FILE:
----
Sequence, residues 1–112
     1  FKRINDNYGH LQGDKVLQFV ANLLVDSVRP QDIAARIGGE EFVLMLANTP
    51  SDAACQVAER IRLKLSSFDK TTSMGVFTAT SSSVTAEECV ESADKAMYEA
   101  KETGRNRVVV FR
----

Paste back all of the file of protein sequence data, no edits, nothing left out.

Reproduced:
Sequence, residues 1–112
     1  FKRINDNYGH LQGDKVLQFV ANLLVDSVRP QDIAARIGGE EFVLMLANTP
    51  SDAACQVAER IRLKLSSFDK TTSMGVFTAT SSSVTAEECV ESADKAMYEA
   101  KETGRNRVVV FR